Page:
Biggest Compliance Risks for Convenience Stores
From workplace safety guidelines to consumer privacy regulations, convenience stores face a wide array of hidden business risks that can have costly implications. Compliance – or the lack of it – is one of these risks. In business, the term “compliance” refers to the requirement that the company conform to a specific rule, policy, or law. Some regulations apply to only certain types of companies, and others are much more general and far-reaching. Take a look at some of the biggest compliance risks for convenience stores.
Workplace Safety Risks
Every business has a responsibility to keep their employees and their customers safe. Convenience stores face multiple safety risks. Late night employees are at greater risk for encountering potential incidents of violence. Other risks come from injuries related to slips and falls, heavy lifting, and burns. Convenience stores also have an additional layer of risk to both employees and customers related to safety at the pump. As you expand foodservice offerings, your food safety risks increase.
Employee Behavior Risks
The bulk of the risk from employee behavior comes from harassment in the workplace. One rogue employee can open your business up to increased staff turnover, customer service issues, and devastating lawsuits. You can’t know everything that goes on in your business, but you can have clear policies in place that encourage employees to report inappropriate behavior before it becomes a liability.
Illegal Sales Risks
There are many compliance issues that regulate the sale of items such as tobacco, alcohol, and lottery tickets. One wrong move with any of these items can put a large chunk of your revenue stream at risk. Employees need to understand their responsibilities with regard to age-restricted sales, and you need to always keep compliance training measures current and enforced.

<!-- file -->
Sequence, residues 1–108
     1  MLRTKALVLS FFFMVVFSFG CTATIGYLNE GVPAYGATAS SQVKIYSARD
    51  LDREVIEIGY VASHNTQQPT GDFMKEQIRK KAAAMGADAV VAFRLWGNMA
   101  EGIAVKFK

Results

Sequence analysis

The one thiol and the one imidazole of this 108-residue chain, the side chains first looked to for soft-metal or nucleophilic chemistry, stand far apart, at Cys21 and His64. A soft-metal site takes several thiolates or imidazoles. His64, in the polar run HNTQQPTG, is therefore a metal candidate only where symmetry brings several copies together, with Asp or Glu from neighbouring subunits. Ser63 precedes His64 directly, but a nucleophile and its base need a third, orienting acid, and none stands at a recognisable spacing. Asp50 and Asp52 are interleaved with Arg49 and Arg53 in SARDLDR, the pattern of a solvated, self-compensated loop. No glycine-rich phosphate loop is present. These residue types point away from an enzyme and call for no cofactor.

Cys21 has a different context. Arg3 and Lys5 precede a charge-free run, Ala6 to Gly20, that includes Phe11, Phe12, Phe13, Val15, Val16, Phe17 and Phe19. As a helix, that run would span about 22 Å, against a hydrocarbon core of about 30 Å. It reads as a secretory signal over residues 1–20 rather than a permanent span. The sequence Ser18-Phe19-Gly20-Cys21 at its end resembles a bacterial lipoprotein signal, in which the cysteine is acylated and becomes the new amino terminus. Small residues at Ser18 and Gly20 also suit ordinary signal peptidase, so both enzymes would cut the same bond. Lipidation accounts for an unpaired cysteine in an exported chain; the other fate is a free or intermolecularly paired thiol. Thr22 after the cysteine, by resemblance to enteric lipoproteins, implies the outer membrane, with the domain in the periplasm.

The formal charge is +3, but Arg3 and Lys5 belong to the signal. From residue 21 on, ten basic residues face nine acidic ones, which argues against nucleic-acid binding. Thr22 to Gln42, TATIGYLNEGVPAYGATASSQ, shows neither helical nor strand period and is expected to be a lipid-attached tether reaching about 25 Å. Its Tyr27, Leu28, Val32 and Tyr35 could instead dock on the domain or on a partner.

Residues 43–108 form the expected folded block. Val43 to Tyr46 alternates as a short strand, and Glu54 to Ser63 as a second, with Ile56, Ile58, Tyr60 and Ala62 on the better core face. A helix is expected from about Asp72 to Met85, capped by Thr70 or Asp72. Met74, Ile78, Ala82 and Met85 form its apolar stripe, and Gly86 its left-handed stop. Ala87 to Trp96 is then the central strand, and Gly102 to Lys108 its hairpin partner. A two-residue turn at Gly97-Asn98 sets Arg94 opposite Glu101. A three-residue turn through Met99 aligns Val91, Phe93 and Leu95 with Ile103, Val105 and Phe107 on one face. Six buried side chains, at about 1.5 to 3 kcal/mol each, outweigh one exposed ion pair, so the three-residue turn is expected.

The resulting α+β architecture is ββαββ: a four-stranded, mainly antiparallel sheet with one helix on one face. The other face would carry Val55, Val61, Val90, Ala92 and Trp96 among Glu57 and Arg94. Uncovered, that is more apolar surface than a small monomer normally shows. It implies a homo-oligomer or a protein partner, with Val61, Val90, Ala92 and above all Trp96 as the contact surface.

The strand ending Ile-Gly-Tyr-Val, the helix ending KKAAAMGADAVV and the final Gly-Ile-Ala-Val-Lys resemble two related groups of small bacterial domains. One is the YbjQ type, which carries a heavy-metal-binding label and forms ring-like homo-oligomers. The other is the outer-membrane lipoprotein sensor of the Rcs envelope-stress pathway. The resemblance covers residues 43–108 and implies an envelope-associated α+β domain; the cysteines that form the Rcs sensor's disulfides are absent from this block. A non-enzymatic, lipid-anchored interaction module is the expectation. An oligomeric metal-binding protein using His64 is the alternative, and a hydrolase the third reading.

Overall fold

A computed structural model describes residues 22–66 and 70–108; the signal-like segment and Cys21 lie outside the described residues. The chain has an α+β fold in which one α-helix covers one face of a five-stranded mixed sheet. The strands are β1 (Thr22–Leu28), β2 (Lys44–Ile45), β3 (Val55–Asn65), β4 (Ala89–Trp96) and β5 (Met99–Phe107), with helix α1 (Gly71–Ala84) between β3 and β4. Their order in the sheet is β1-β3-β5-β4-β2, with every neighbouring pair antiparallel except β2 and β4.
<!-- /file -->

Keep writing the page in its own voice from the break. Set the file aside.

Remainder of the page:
Consumer Data Risks
Consumers use credit and debit cards more than any other form of payment. As the use of payment cards continues to increase, so does the risk that your business may be the target of credit card fraud. This includes skimming operations on your POS systems and fuel pumps as well as hacking of your internal systems to capture consumer information from the inside.
How to Mitigate Compliance Risks
As a manager, you play an essential role in reducing the risk of non-compliance. It’s your job to make sure company policies related to compliance risks are followed. Employee training on compliance topics is critical. Online training is the best first step, followed by on-the-job training, refresher courses, and ongoing mentoring. Click here to browse the Ready Convenience Learning Library.
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